BY JULIA GASPAR-BATES — Growing up in the Bahía region of northern Brazil presented many challenges and opportunities for Livaldi “Babajan” da Cruz. Born into a favela (ghetto) on the outskirts of the city of Salvador, da Cruz explained, “I lived in the middle of all kinds of people — from good to bad. Everybody was living together and trying to keep everybody else on the right track.” Da Cruz lived with his parents and five siblings in a small home in an alleyway. “I come from a poor family. My dad would wake all the boys at 4 a.m. to go to the open marketplace to buy fruit to put in a wheelbarrow to sell in the street to give us money. If we were lucky we would sell enough fruit to have food in the house. There were times when we didn’t have food and we would only have sugared water and dry bread to eat. But my parents always made sure that we had a lot of discipline and manners so we wouldn’t end up on the wrong path.”
At age 10, da Cruz started to do theater at a local community center that provided creative arts to underprivileged youth to equip them for a better future. He continued to study capoeira (a Brazilian martial art that incorporates elements of dance, music and acrobatics), samba and music, eventually becoming a performing arts teacher himself.
Capoeira has been significant in da Cruz’s life. “Capoeira is a tradition of [slave] resistance through building community and [changing] your life within the social structure. You’re always learning the ritual and the tradition. It’s part of Brazil’s oral history — you have to learn through doing and living it.”
Capoeira also proved to be the ticket out of Brazil for da Cruz. In 2004, he was invited to attend a conference in California held by the International Capoeira Angola Foundation (ICAF or FICA). “After the conference, I was invited to come to DC to teach. [ICAF] paid for my trip, but I had to pay them back by working construction. I did volunteer work at a charter school to teach Brazilian culture, capoeira and samba. At the same time, I was giving classes and workshops at other schools to make a living.”
Da Cruz did not encounter major culture shock when moving to the U.S., largely because he had interacted with Americans when they visited his Salvador community. “America has been good for me because there are lots of opportunities to work here. In Brazil, jobs are only available for white people. They don’t say it, but it’s clear. There is a lot of prejudice. Rich and poor people here are able to have cars and homes in the U.S. You feel confident when you walk in the street and you drive. In Brazil, if you have a nice car and you are a black person, the police will stop you to investigate why you are driving a car.”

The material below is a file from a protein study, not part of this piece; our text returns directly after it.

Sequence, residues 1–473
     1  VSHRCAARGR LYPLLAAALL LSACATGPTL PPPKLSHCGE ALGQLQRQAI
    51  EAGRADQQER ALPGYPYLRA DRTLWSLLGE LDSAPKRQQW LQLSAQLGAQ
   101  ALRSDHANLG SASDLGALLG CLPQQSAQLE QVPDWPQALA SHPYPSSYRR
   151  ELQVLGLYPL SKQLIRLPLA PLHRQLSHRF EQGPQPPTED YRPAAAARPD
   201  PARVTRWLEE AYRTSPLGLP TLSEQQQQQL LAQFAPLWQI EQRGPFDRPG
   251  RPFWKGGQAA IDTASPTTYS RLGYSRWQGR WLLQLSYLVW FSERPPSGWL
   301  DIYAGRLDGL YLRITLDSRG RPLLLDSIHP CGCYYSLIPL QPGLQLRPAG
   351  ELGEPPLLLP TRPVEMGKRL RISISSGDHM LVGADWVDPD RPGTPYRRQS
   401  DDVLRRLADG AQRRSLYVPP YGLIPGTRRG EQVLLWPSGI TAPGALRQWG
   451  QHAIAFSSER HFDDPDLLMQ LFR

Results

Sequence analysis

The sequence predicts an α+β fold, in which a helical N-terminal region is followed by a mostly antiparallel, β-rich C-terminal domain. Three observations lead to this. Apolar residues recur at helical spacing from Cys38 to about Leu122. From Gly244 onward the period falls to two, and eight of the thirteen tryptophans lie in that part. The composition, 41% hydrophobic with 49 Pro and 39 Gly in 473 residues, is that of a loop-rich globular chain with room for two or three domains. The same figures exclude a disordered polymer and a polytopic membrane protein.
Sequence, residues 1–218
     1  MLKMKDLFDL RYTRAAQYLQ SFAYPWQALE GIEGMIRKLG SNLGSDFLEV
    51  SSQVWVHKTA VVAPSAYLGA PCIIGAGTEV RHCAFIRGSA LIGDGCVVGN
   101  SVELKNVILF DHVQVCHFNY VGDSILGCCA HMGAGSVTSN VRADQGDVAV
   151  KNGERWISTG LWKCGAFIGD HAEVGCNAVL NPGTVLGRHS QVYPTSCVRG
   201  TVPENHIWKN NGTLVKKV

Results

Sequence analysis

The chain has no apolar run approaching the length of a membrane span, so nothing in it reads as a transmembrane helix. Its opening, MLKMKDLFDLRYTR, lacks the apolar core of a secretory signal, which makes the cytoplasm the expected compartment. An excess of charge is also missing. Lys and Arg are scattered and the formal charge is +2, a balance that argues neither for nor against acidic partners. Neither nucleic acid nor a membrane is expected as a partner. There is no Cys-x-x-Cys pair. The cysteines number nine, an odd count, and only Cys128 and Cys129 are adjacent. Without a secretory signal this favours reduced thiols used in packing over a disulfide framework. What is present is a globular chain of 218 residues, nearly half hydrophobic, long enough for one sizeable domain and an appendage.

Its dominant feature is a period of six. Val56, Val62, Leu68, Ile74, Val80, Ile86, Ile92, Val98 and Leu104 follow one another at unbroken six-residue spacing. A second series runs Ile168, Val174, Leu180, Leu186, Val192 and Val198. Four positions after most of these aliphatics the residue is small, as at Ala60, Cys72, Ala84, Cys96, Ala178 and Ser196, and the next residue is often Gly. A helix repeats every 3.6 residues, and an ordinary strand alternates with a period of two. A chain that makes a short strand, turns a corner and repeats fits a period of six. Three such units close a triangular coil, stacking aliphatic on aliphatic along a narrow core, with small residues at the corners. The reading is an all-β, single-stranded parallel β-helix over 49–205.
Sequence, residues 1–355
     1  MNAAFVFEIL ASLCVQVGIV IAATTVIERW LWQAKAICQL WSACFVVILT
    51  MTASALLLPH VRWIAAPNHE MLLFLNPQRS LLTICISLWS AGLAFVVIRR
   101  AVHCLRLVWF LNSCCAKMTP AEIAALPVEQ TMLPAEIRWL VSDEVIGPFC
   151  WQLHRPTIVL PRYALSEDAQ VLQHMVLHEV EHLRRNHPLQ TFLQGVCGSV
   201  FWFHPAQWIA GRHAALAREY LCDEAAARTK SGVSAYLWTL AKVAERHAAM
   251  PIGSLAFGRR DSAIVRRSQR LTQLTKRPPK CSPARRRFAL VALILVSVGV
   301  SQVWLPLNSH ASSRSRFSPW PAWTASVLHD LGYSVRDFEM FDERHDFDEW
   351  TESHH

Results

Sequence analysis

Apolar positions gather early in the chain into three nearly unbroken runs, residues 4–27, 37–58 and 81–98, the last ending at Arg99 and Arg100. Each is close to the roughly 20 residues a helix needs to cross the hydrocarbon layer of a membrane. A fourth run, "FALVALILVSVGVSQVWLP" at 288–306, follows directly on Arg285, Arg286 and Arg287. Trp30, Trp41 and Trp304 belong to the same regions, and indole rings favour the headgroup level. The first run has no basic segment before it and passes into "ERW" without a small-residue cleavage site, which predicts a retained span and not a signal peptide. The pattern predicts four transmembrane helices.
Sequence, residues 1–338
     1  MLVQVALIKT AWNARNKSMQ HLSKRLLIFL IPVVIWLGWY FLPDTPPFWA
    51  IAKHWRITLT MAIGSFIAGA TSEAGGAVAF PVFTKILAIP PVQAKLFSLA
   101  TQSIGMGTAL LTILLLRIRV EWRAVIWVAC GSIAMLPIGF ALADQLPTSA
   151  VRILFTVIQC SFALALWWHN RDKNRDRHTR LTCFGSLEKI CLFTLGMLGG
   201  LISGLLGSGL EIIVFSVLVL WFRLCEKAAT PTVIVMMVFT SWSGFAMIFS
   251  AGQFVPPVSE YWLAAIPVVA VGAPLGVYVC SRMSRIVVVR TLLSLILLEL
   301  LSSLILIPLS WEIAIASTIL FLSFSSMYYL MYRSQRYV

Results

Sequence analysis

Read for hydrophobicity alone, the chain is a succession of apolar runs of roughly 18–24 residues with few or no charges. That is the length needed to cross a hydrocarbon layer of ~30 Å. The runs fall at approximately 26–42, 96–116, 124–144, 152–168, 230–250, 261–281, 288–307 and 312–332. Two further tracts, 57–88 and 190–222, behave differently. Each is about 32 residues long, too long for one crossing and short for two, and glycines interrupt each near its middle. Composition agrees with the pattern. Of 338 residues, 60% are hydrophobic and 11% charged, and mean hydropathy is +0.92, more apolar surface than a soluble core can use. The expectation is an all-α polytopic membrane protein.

Da Cruz misses the sense of community in Brazil most, and he has tried to replicate it through his work with capoeira and music. In 2007, da Cruz and some of his friends created Samba Trovão, a Brazilian samba-reggae group, in which he plays various types of Brazilian percussion instruments. Through his music, da Cruz has toured the U.S. playing at festivals and other venues. And through capoeira, he met his American wife, Kristen.
After the two lived in DC for several years, Kristen became pregnant, and they decided to move to Maryland. They were drawn to Hyattsville “because it is close to the Metro, we knew it was a diverse community and there was the Arts District.” Da Cruz describes Hyattsville as a perfect place to live due to the “ability to create community here because neighbors are friendly and you can talk to them.”
Indeed, creating community has been a central theme for da Cruz and inspired him to co-found the Espaço Cultural Samba Trovão with Kristen. Launched in April 2017, the center provides capoeira, samba and percussion classes and will be offering a free acupuncture clinic for refugees and immigrants. Da Cruz hopes to start an after-school program through the center soon. The goal of the center, he says, “is to create a community space to promote Brazilian culture and to help underprivileged kids to create healing as a community.”
Da Cruz continued, “One of the things the whole world needs is to keep kids away from technology so they can have the face-to-face interaction and more physical activities. Kids don’t have the same opportunity to move and be creative [that they would if they made their] own instruments and toys. I would like to bring this to the community, to unite neighbors through movement, music and creativity.”
Cultural Connections is dedicated to sharing the stories of immigrants and foreigners who have settled in Hyattsville.